Common symptoms of Shigella infection vary in intensity. They include watery, sometimes bloody diarrhea, vomiting, fever, nausea, and abdominal cramps. It takes between 2 days and a week before symptoms appear. Symptoms can last for several days but can continue for weeks. Most cases resolve on their own with adequate hydration and electrolyte solutions. Medicines to relieve diarrhea are not indicated as they can worsen infection.

You should seek care if diarrhea becomes bloody, you have a fever, are dehydrated, or suffer severe abdominal pain.

"Coming from a long-line of culinary enthusiasts, one day my wife and I decided to prepare some Chilean sea bass. After double-checking that the fish was fresh, we took the sea bass home, washed it with cold water and applied lemon juice to kill any parasites.

Then we baked it and enjoyed the meal.

But just 12 hours later, I felt like I was going to die. Suffering from intense gastrointestinal cramping and constant diarrhea and vomiting, for two days I was paralyzed with sickness and spent another three days feeling extremely weak as I recovered.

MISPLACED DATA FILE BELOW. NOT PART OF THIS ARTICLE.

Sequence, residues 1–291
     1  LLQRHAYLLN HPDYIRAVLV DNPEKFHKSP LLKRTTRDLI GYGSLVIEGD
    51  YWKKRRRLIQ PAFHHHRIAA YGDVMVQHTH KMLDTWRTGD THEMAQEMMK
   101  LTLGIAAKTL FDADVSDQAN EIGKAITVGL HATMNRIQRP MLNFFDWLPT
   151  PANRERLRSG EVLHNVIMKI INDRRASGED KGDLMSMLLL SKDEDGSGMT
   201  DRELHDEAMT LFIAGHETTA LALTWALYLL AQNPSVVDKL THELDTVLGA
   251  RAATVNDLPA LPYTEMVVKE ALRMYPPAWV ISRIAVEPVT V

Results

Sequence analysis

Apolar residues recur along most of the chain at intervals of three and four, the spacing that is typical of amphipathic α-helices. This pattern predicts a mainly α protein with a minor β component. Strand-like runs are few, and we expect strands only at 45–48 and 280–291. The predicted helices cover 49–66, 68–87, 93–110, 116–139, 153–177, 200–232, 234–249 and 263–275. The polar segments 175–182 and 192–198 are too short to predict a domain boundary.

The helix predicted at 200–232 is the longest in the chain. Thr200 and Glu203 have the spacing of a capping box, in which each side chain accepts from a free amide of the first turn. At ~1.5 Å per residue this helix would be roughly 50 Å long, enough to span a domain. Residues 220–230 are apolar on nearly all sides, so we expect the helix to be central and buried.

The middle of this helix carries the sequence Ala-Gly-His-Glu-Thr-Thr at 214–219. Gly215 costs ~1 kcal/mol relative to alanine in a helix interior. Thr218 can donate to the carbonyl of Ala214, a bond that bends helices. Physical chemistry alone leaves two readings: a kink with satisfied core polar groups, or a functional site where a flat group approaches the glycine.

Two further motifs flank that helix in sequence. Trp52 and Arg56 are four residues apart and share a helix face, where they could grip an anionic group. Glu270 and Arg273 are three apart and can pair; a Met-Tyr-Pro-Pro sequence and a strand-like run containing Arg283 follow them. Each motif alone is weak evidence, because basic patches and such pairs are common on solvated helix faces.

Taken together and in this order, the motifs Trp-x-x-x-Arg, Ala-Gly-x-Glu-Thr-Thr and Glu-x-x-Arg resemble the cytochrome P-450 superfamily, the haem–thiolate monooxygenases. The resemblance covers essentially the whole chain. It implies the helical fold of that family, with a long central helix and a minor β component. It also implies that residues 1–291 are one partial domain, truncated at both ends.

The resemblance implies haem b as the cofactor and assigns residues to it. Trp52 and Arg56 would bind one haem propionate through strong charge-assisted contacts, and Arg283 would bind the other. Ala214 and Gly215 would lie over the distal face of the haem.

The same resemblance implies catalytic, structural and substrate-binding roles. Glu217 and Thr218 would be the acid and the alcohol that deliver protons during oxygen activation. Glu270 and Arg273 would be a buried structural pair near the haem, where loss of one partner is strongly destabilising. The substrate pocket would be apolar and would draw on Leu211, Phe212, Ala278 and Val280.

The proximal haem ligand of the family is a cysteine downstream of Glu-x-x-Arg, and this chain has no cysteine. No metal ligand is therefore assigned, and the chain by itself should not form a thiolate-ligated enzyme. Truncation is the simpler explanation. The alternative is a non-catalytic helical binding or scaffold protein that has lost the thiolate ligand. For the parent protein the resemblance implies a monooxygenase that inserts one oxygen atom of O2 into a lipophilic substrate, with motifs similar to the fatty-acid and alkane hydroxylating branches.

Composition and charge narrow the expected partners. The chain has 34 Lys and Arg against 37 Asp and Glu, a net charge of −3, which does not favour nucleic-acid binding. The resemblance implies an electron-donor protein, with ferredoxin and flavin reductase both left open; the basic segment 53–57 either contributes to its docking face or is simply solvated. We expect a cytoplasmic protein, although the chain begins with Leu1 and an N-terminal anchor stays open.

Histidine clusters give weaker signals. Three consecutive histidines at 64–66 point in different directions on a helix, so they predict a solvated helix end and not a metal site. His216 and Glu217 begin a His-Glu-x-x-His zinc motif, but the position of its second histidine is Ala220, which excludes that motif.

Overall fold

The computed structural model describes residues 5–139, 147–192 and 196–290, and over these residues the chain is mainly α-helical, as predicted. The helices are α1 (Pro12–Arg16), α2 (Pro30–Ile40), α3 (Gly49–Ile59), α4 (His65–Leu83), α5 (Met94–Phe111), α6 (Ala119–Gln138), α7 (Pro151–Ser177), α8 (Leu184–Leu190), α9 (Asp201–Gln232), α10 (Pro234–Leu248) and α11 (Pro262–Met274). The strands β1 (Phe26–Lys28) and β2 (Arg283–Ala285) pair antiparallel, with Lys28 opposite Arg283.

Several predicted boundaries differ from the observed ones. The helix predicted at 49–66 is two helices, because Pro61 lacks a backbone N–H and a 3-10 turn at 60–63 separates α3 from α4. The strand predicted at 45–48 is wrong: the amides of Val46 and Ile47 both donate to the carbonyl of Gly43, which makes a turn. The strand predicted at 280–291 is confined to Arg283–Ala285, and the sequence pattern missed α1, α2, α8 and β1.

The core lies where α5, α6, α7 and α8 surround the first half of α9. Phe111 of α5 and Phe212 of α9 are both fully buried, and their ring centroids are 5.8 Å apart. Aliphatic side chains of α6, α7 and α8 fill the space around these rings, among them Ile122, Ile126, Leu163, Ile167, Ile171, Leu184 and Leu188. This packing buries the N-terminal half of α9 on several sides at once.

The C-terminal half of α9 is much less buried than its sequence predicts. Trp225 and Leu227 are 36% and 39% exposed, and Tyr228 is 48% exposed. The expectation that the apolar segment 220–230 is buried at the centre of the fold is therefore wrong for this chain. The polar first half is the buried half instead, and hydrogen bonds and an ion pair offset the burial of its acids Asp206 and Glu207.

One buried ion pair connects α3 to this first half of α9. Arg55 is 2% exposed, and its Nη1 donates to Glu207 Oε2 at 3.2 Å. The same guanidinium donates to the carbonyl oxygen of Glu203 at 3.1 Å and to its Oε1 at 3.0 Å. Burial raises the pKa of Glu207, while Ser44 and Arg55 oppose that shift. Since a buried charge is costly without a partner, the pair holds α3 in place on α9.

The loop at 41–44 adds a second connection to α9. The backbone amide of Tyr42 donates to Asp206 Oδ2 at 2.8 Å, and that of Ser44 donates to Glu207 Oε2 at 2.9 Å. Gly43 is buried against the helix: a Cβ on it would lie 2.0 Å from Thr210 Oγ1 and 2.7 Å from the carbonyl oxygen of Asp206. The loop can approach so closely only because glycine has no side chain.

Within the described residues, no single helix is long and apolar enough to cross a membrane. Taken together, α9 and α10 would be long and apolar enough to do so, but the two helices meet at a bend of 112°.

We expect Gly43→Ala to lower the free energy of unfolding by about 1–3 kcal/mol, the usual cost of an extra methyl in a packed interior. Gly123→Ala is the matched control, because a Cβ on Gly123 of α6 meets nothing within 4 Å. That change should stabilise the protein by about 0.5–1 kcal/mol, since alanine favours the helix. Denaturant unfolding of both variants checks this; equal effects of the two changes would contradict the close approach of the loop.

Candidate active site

The cause of my symptoms? Shigella --confirmed by a lab and traced back to the Chilean sea bass we had so carefully prepared.

I'm not prone to stomach problems, but the pain and drain on my energy was nothing short of terrible."

⁕ Ted, Shigella survivor

Complications may include:

  • Dehydration. Symptoms include lightheadedness, dizziness, lack of tears in children, sunken eyes and dry diapers. Severe dehydration can lead to shock and death.
  • Seizures. Some children who run high fevers with a Shigella infection have seizures. If a child has a seizure, contact your doctor immediately.
  • HUS. In severe cases, Shigella invades the lining of the colon, and some strains produce a toxin that destroys blood cells leading to the life-threatening disease Hemolytic Uremic Syndrome (HUS).
  • Toxic megacolon. This rare complication occurs when the colon becomes paralyzed. Signs include abdominal pain and swelling, fever, and weakness. If you don’t receive treatment for toxic megacolon, your colon may rupture, causing a life-threatening infection requiring emergency surgery.
  • Reactive Arthritis. This is form of arthritis that can occur after a Shigella infection. Signs include joint pain and inflammation, eye irritation, and painful urination.

Treating Shigella infection

Those with mild symptoms of Shigellosis usually recover with home care in 5 to 7 days.

Home treatment for mild Shigella infection is similar to that for any foodborne illness:

  • Stay hydrated with water and clear liquids if experiencing vomiting or diarrhea
  • Use acetaminophen (Tylenol) or non-steroidal anti-inflammatory drugs (NSAIDs) to reduce muscle aches
  • Bismuth subsalicylate (e.g. Kaopectate, Pepto-Bismol) can relieve symptoms